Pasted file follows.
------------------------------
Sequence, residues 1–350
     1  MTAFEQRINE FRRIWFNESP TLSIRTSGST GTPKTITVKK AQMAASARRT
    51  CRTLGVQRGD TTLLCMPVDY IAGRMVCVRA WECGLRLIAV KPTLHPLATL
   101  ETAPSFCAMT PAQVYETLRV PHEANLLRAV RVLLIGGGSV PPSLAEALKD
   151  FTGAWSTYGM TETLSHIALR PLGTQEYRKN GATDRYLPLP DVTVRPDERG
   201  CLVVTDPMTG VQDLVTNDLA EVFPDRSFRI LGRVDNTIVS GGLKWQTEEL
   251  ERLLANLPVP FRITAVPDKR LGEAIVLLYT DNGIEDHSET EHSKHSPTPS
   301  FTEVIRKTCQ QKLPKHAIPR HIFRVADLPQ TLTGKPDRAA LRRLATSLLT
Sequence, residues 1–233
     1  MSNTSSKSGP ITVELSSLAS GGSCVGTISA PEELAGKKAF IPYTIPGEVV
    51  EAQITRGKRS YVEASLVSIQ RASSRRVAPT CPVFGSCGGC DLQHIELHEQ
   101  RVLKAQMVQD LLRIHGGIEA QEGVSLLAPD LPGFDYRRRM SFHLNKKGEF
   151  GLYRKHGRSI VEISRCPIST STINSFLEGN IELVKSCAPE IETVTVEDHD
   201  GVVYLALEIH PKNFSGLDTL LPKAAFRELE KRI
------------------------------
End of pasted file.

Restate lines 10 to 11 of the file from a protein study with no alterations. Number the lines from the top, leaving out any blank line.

     1  MSNTSSKSGP ITVELSSLAS GGSCVGTISA PEELAGKKAF IPYTIPGEVV
    51  EAQITRGKRS YVEASLVSIQ RASSRRVAPT CPVFGSCGGC DLQHIELHEQ